Free VPN Security Risks
VPNs or Virtual Private Networks are a critical component of any security plan. A VPN leverages encryption to create a secure tunnel between endpoints or networks within a public network. This tunnel allows for a secure connection to your corporate network while also adding a layer of security to traditionally less secure protocols and services. Requiring VPNs for all off-network connections made our 2022 security checklist.
VPN usage is growing fast and generally driven by obvious security motivations, but privacy is often also a concern for users. VPN services allow users to change IP addresses which can obfuscate a user’s true geographical location. This ability to conceal identity and location along with securing data through an encrypted tunnel thwarts the common network traffic spying done by ISPs, browsers, and website ad networks allowing for improved user privacy.
However, user privacy benefits of VPNs can be eliminated when the VPN service is breached. The data of 21 million users was exposed in early 2021 when account logins for GeckoVPN, SuperVPN, and ChatVPN — all free VPNs — were listed for sale on the dark web. According to Malwarebytes, seven free VPN providers were responsible for 1.2TB of data leaks. Much of that data included user logs that the companies claimed were not even stored.
The consumer market for VPN services is growing fast and is ripe with fraud. Many consumer-based free VPN services are repackaging the same VPN service under various names in an effort to trick users. VPN services rely on an inventory of IP addresses they can make available to their users. Acquiring IP addresses through traditional channels is expensive — especially when your address requirements are in the millions to meet user needs. To avoid this expense, lower-tier consumer-based VPN services have been using the IP addresses of their users. This means when you install the VPN software, you are allowed to choose a different IP address than your own, but you are ultimately choosing someone else’s IP and someone else may be choosing yours. In this setting, users unknowingly open themselves up to routing harmful, or illegal traffic through their devices and network.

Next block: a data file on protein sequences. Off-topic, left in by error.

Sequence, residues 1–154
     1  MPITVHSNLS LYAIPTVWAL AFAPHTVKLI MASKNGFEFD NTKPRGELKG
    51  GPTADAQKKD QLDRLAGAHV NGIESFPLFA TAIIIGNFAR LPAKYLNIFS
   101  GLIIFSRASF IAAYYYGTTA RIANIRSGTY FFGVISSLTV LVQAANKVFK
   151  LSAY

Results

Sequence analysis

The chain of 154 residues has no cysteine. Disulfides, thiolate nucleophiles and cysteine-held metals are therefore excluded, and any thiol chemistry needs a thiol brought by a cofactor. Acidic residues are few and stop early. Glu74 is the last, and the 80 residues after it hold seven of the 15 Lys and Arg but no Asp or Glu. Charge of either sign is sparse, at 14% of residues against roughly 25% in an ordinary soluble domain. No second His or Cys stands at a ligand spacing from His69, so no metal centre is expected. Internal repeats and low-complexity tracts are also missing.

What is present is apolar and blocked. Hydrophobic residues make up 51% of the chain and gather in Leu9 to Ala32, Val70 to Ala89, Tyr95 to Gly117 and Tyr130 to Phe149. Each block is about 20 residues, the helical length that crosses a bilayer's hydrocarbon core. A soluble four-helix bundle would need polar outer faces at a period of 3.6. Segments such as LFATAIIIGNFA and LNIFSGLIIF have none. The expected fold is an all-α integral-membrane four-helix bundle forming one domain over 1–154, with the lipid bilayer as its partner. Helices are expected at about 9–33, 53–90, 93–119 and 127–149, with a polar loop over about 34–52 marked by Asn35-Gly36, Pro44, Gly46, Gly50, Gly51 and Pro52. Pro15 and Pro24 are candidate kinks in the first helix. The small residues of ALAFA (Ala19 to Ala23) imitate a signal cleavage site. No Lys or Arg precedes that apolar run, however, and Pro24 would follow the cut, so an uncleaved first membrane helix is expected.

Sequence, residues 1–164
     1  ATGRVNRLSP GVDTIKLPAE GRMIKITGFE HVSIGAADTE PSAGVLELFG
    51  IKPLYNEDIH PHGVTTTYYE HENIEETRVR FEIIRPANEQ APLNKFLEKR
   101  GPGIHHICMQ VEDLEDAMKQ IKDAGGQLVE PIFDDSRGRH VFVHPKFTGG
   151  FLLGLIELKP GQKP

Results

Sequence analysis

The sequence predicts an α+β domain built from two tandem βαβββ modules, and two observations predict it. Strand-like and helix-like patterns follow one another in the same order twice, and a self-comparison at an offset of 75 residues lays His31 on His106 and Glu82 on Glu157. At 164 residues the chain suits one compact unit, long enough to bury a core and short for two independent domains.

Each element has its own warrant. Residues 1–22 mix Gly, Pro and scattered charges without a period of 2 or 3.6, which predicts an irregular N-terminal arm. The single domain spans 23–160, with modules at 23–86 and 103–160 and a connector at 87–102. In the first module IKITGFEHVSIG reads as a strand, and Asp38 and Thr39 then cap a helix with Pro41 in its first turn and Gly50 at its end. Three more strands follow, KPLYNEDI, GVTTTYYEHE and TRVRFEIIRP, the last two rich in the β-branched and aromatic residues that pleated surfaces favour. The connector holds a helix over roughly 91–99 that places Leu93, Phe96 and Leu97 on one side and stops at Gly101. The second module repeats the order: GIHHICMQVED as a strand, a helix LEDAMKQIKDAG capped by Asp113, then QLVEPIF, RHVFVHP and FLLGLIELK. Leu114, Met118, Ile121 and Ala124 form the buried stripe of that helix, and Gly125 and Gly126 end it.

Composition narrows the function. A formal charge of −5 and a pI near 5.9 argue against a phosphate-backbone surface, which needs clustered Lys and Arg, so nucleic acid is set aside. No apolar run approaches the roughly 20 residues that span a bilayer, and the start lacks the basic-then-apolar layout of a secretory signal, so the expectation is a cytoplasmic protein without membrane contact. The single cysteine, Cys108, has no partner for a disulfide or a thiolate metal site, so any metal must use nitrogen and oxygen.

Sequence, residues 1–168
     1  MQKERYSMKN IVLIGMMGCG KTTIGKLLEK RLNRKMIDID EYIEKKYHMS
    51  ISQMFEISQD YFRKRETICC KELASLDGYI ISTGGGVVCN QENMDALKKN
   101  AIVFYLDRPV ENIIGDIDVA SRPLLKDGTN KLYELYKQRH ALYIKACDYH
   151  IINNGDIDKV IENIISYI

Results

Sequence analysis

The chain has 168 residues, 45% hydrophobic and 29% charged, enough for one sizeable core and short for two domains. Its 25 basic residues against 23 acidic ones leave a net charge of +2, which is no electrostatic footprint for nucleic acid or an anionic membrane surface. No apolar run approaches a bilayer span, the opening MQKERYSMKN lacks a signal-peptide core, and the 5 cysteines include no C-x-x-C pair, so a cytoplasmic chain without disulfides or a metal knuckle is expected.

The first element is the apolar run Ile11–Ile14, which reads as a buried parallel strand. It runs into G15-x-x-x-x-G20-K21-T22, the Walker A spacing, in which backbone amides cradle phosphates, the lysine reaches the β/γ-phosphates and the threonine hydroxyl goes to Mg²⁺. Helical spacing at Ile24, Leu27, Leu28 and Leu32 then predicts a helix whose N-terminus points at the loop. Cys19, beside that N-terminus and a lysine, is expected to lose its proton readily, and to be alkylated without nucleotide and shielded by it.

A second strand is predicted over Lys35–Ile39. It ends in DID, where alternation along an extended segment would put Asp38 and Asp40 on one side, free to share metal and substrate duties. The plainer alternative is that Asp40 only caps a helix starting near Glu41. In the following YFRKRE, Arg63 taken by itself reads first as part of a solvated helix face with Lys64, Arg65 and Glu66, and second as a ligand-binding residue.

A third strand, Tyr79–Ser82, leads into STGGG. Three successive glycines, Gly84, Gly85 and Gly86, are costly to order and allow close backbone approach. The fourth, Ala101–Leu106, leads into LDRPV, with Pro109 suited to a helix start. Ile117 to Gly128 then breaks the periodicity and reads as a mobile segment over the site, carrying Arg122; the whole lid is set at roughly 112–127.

The effect of trying to offer a traditionally expensive service to consumers for the cheapest rate or even “free,” has resulted in many VPNs ultimately being repackaged botnets. These services often marketed as “free VPN” or “free proxy” are powered by software that turns the user’s PC into a traffic relay for other users. To make the offense worse, these discount VPN services rely on constantly adding users to maintain their inventory of IP addresses. And they often meet these new user quotas through pay-per-install affiliate programs that install the VPN software to unsuspecting users who are installing other programs. One popular free VPN offering known as “911” relied on this type of distribution for growth. Recently researchers at the University of Sherbrooke in Canada published an analysis of the China-based 911, and found there were roughly 120,000 PCs for rent via the service, with the largest number of them located in the United States.
The lesson here is simply that “free” is often too good to be true. And it’s definitely not worth risking your organization’s security through such a service that can effectively become a trojan horse. The good news is you don’t have to look very far to find a reputable VPN provider. We recommend WatchGuard VPN which not only legitimately secures your data but also offers ease-of-use features such as always-on connectivity, Windows pre-logon, seamless routing, and integrated personal firewall. Contact us to learn more about the security advantages available.